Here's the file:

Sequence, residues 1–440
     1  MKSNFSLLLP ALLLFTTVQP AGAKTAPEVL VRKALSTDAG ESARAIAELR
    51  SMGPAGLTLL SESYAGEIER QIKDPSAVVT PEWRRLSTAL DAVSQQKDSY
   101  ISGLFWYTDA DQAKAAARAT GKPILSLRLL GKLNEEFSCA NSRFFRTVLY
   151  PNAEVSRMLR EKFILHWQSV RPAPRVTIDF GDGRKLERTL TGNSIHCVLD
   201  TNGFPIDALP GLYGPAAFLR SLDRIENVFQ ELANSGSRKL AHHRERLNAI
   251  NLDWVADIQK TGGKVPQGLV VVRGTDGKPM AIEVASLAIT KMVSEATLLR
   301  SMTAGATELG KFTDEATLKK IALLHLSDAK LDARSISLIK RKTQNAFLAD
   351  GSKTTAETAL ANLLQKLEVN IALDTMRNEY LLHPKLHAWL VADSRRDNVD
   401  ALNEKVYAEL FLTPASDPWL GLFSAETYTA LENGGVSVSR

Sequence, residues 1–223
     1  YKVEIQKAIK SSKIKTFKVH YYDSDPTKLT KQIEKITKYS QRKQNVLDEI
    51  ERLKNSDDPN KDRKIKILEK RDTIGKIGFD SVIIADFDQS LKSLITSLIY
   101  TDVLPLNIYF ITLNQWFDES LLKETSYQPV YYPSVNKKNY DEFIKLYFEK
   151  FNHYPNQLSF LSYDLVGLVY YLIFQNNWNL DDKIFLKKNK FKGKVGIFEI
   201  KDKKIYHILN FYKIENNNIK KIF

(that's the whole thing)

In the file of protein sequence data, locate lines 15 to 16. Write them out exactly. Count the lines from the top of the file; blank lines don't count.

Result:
   151  FNHYPNQLSF LSYDLVGLVY YLIFQNNWNL DDKIFLKKNK FKGKVGIFEI
   201  KDKKIYHILN FYKIENNNIK KIF